You must pass a parameter in the way the function expects you to pass it. If you pass a parameter by value when the function is expecting it to be passed by reference then this might crash your program and will certainly produce incorrect results.

  • In C programming, strings are always passed by reference, whether they are input or output parameters. However, this is not true of all languages, and strings may be passed by value in the language you are using.
  • Numbers are passed by value when they are inputs to the function. They are passed by reference when they are outputs from the function.
Returned strings

When passing a buffer to an API function parameter that returns a string, the next parameter normally defines the size of the buffer passed. The following function prototype demonstrates this type of function:

INTRET QA_GetActiveData           ( INTVAL viHandle,
                                    STRREF rsDataID,
                                    INTVAL viDataIDLength );

Here, the parameter viDataIDLength is the length of the buffer passed with rsDataID.

If the buffer length parameter is zero, then the API function will not attempt to populate the buffer with the return string. The parameter that receieves the buffer can optionally be passed NULL in combination with a zero buffer length, if the integration language supports this.

If the buffer length parameter is greater than zero, then the integrator should ensure that the buffer size is large enough to receive the returned string. If this is not the case, then truncation will occur, and will be logged in the error log file.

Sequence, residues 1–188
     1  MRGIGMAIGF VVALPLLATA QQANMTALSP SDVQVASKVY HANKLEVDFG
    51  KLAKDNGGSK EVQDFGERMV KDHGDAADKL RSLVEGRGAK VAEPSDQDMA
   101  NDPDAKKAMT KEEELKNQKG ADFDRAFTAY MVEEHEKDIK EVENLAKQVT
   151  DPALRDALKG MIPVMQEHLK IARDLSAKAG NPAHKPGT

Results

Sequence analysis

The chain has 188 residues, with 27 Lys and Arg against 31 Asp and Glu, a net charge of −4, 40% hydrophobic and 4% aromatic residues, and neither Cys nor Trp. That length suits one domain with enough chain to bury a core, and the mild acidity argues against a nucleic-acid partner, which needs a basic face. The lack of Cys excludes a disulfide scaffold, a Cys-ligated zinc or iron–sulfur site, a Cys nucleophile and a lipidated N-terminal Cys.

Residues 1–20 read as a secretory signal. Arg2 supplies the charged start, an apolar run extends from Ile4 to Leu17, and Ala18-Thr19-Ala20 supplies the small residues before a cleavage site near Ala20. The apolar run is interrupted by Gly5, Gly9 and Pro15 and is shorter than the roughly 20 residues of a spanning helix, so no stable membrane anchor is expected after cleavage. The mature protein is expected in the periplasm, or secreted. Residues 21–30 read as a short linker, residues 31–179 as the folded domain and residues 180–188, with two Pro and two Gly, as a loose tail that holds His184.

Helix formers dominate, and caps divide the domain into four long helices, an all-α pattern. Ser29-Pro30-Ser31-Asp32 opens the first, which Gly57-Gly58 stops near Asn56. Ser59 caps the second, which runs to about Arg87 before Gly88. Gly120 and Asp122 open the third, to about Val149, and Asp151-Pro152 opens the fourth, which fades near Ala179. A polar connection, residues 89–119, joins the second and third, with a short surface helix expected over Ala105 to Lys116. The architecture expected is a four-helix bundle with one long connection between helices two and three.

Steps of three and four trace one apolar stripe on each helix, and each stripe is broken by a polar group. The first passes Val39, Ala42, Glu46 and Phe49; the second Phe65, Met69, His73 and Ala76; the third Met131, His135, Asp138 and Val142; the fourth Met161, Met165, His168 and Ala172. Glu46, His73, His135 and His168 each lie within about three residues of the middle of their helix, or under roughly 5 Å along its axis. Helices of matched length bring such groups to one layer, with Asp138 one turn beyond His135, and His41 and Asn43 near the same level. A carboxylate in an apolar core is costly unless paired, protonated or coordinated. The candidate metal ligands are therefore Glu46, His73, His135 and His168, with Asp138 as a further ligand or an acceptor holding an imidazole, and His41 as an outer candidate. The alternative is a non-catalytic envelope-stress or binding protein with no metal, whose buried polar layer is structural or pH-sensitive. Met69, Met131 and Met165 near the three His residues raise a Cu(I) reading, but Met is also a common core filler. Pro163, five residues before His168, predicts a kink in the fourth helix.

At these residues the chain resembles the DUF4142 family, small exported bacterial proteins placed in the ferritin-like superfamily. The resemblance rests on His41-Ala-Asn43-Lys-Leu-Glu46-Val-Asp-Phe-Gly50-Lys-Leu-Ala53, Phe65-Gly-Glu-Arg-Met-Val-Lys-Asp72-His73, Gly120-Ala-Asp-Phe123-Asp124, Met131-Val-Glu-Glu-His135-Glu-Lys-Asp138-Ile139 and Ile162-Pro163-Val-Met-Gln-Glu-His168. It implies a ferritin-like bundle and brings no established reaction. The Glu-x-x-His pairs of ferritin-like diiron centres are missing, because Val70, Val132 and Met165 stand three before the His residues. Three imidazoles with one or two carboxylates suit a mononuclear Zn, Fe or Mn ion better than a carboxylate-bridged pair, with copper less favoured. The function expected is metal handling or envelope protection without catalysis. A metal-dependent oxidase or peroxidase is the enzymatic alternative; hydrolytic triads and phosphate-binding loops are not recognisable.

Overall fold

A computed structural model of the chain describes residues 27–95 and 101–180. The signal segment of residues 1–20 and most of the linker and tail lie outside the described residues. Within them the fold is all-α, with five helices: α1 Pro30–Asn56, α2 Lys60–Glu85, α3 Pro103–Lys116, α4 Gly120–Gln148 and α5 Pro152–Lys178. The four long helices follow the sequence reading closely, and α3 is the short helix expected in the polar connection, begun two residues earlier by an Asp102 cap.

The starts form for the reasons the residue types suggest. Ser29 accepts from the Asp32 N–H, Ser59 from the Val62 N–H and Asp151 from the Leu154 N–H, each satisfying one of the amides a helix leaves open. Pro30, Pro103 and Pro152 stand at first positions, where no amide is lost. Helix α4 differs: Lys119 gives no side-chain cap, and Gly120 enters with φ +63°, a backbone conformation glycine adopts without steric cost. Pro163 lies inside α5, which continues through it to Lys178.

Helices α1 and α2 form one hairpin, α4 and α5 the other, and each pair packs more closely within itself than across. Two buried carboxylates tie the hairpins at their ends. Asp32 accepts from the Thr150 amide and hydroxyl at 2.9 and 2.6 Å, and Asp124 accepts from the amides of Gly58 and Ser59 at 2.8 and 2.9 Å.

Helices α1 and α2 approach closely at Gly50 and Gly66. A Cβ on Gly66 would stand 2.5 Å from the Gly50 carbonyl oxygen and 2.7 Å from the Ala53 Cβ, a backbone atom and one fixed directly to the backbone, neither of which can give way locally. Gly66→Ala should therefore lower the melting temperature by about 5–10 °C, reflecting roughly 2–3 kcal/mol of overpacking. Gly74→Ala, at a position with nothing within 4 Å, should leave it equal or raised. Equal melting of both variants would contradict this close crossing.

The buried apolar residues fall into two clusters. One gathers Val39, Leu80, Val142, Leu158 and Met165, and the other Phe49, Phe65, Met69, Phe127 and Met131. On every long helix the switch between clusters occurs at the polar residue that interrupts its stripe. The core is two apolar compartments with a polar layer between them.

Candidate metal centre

This example uses the function QA_GetData

This is how the function prototype looks in the documentation:

INTRET QA_GetData            ( INTVAL viHandle,
                               INTVAL viDataOffset,
                               STRREF rsDataID,
                               INTVAL viDataIDLength,
                               STRREF rsName,
                               INTVAL viNameLength );

The parameters viHandle and viDataOffset are inputs to the function (in the form of integers) and thus are passed by value. Similarly, the parameters viDataIDLength and viNameLength are also passed by value as they are inputs to the function in the form of integers. The parameters rsDataID and rsName are output parameters (in the form of strings), and consequently are passed by reference.

In addition, QA_GetData returns a status value indicating either the successful execution of the function, or whether an error has occurred (in the form of an error code).

This function can be written in native C as:

int QA_GetData         ( int viHandle,
                         int viDataOffset,
                         char *rsDataID,
                         int viDataIDLength,
                         char *rsName,
                         int viNameLength );

Visual BASIC for Windows would declare this function as:

Declare Function QA_GetData Lib "qaupigd.dll"         ( ByVal viHandle As Integer,
                                                        ByVal viDataOffset As Integer,
                                                        ByRef *rsDataID As String,
                                                        ByVal viDataIDLength As Integer,
                                                        ByRef *rsName As String,
                                                        ByVal viNameLength As Integer ) As Integer